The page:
1 Nov 2009

Prize given to Mediterranea

Fatima of "African Hearts" has presented us, in appreciation, the" We Are The Mothers" prize.

Although many of our Mediterranea members are mothers, we dedicate this honour to all of the mothers in the third world. These courageous mothers who raise their children in situations of great adversity. We have to understand that many of these 5 or 6 year old " mothers" are already taking on the responsibility and the care of younger brothers and sisters of, very often, a few months old. This situation prevents these "mini" mothers from having their own childhood thus cutting short their personal development and education.

Many others become mothers far too early in life due to the tradition of child brides in Subsaharian Africa, Asia and the Middle East.
We can change this situation through education.
Through education these young girls will marry later, will learn about the different types of medical attention available to them, and will discover how to care for both themselves and any babies that they may have in the future. With all of this knowledge the percentage of  child brides could drop.
Many young girls die due to child birth, premature birthing in inadequate conditions and quite simply because their body is not developed or nourished sufficiently to be childbearing. The problem is immense and for this reason Dr Hamlin (awarded the alternative nobel prize) who does tremendous work in the Addis hospital has dedicated 50 years treating obstetrics fistula.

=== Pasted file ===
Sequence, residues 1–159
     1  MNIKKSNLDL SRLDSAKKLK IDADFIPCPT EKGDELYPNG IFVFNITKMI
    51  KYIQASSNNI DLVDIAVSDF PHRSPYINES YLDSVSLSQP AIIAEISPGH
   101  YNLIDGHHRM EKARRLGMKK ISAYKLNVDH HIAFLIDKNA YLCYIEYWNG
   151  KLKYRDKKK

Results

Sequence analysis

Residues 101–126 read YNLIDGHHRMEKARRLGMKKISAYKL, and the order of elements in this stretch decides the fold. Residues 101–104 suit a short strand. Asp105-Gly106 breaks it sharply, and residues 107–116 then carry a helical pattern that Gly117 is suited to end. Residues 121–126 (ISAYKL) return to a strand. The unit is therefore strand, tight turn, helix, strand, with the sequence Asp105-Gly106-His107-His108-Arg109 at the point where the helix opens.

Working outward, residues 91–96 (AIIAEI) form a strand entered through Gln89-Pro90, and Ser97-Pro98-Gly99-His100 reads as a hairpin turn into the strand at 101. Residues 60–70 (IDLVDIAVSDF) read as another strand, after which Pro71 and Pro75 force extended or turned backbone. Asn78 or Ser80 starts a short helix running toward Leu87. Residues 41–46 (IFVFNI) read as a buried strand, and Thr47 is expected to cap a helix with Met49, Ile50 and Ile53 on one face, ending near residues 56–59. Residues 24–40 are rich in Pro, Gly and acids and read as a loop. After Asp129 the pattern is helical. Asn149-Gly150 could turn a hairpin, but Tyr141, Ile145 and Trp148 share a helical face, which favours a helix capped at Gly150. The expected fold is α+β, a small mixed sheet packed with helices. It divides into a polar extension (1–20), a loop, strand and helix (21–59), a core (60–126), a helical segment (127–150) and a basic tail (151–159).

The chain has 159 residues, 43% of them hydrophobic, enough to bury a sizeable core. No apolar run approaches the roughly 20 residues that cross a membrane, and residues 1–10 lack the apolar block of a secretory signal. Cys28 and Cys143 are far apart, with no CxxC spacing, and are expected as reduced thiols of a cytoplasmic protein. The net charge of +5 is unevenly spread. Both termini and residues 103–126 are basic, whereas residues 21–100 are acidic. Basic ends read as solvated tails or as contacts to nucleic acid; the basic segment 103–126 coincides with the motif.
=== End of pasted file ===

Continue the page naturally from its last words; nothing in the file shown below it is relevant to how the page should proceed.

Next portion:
Wherever we are working, Mediterranea always tries to lend a helping hand to all mothers in cases of need.
We try to help in Ghana collaborating with the Dangme East hospital where we have built a residence so that the mothers with hospitalised children, and the rest of their children can sleep safely. Previously, the whole family would sleep outside by the river and would be victims to crocodiles, malaria carrying mosquitoes, snakes and the local rapists.

Between our two schools in Ethiopia we have 400 children. The majority of these children just live with their mother.
In the Birhan school many of the pupils mother's  earn their living by collecting firewood. This is a very arduous job because they have to carry great quantities of wood on their back but even worse it is extremely dangerous because rape is rife while these women are working. Men lie in wait for their wood-collecting victims. Many of the children who attend our schools are children born to these raped wood-collecting mothers.

Our fervent aim is to support and fight to ensure that these children do not abandon their studies due to poverty and miserable living conditions.

In both schools we have reading and writing course for adults. We have also set up courses to teach women (many of whom suffer domestic abuse) trades and a profession in order to make them self-sufficient so that they can build a better life for themselves and their children.
We are under no false illusions and are well aware that our contribution is a tiny grain of sand in a gigantic desert of need but we will not give up, we intend to keep on supporting the Third World.

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